Posted by Marcia Penner Freedman
I’ve always been amazed at how readily and how cleverly human beings acclimate to the demands of urban living. And as I’ve thought about it, I’ve come to the conclusion that dog-walkers, those urban heroes who have dealt with the monumental problem of keeping our streets and sidewalks, our parks and greenbelts – even our dog parks – cleared of dog poop, are among the most dedicated stewards of the urban landscape.
These people have not only trained themselves to leash their dogs – I know, it’s the law – but have also trained themselves to gather up the poop with their plastic bags and to tote the bags to the nearest trash can.
I have cats, so my contact with animal poop is indirect. It comes through a plastic scooper and litter, where the poop is usually hardened by the time I am scooping it up into a plastic bag. When I imagine the dog-walker, day in and day out, rain or shine, twice a day, picking up the warm, soft, smelly, frequently unformed dog deposits, I am in awe at their commitment.
So you can imagine my dismay when, on a walk along a lovely greenbelt in a town where the people are known for their progressive ideas about recycling and protecting the environment, I came across the following sight: a water fountain adorned with a colorful array of poop-filled poop bags, and even a plastic glove (from one of the more fastidious dog-walkers, I guess):
How could that happen? What would prompt these conscientious, environmentally aware people to abandon the most essential part of the dog-poop cleanup – getting rid of the bags. What were they thinking when they tossed the bags on the one place that would be totally unsuitable, a water fountain? Did they consider that even their plastic bags might not be adequate protection against the E.coli and other harmful bacteria found in dog poop? Do they not read the messages printed on the very bags they use?
It boggles the mind. These are the same people who might squirt a dollop of sanitizer before pressing the button to take a drink from the fountain. These are same people who might cluck their tongues at the sight of a gum wrapper tarnishing their greenbelt. These are the same people who might volunteer their time on weekends to clean up rivers or trails.
But there it was, a trash heap as ugly and offensive as any I had ever seen, despite the pretty colored bags. I stood, astonished, and looked around. Off to the side I noticed that the trashcan that usually stood in the area of the drinking fountain had somehow been tossed down the hill, away from the path. There was another trashcan in sight, but on a separate pathway.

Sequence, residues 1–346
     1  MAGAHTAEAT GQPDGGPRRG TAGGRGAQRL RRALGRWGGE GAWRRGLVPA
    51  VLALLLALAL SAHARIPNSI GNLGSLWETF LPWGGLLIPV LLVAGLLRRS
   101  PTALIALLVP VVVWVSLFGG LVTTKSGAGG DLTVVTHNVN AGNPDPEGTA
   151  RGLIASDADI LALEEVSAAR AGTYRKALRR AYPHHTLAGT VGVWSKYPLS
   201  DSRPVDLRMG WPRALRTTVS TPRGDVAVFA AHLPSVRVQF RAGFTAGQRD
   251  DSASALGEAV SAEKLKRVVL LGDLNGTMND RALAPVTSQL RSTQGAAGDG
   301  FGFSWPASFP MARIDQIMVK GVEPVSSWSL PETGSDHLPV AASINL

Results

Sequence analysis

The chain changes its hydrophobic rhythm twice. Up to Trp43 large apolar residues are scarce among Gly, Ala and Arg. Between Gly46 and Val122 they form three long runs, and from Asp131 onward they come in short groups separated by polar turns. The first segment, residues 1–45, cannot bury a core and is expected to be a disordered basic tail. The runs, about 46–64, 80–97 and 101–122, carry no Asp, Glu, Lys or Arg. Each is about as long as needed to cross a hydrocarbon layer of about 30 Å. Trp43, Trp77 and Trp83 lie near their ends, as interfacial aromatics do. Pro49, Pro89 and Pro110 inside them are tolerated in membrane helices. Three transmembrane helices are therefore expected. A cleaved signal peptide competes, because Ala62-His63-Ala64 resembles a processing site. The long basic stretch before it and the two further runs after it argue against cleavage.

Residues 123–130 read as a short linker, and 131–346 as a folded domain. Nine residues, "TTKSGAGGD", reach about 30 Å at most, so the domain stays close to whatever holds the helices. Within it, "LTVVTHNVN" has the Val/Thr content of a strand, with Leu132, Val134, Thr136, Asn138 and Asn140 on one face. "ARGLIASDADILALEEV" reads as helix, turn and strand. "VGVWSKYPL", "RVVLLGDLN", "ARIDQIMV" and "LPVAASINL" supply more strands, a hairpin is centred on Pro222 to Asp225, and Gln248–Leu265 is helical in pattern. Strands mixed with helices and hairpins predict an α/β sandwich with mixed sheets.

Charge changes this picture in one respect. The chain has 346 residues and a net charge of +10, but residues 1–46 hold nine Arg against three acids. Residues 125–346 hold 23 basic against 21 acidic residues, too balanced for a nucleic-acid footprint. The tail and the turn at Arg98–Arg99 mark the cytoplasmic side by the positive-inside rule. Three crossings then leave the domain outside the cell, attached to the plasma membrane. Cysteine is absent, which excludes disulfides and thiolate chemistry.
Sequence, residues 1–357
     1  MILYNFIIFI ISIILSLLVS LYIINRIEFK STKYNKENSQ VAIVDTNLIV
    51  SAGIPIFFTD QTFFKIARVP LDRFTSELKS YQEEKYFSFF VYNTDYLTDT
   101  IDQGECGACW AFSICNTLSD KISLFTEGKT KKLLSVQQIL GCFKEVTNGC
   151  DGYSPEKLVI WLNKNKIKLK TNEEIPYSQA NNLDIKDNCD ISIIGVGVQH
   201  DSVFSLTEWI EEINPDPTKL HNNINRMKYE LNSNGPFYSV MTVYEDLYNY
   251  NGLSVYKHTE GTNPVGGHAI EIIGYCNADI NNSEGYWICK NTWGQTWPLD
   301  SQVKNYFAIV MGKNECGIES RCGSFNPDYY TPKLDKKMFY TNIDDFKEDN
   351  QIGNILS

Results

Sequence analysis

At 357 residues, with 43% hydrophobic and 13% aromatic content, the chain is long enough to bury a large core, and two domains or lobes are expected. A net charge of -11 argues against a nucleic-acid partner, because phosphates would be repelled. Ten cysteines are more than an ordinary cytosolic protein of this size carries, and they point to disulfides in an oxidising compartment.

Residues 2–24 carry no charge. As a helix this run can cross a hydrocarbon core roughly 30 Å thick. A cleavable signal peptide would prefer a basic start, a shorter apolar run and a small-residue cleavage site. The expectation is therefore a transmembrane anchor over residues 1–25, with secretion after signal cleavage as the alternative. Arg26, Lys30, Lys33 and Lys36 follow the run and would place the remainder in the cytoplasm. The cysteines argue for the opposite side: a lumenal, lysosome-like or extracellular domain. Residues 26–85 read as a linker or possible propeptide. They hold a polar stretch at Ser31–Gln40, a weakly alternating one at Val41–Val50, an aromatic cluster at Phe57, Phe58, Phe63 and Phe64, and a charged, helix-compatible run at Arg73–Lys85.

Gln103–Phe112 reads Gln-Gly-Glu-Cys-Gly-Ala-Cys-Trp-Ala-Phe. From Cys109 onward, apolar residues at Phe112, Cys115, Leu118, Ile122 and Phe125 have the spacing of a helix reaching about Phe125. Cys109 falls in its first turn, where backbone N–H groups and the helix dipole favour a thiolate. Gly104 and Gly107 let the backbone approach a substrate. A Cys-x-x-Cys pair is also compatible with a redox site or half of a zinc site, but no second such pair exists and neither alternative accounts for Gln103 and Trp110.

Why did these people not just walk to that other trashcan? I can’t believe it was because of the inconvenience. It wasn’t that far away.
It is difficult to know what motivates people to do what they do. Motivation involves many things; goals, expectations, effort, beliefs about our ability to achieve our goals. And it also involves emotions, how we feel about what we are doing, and how we handle difficulties or roadblocks.
Maybe the dog-walkers became miffed at encountering the unexpected; the missing trashcan. Perhaps they became impatient when they realized that they wouldn’t be able to toss the bag in the trashcan, but would have to go out of their way to achieve their goal of getting rid of the poop. Maybe they had carried the poop-bag as far as they were willing. This combination of anger and impatience can cause people to behave in ways they ordinarily would not.
Whatever the reasons, there is no doubt. A group of dog-walkers, my heroes, had decided it was okay to put aside their beliefs about cleanliness and health, to relinquish their standard of good behavior, and to go ahead and sully their beautiful greenbelt. Very discouraging.
Several days later I was drawn back to that spot, and this is what I found:
All was well again with the world of the greenbelt.
I will never be able to pass that spot, however, without remembering, without wondering, without feeling that knot of disappointment in my gut.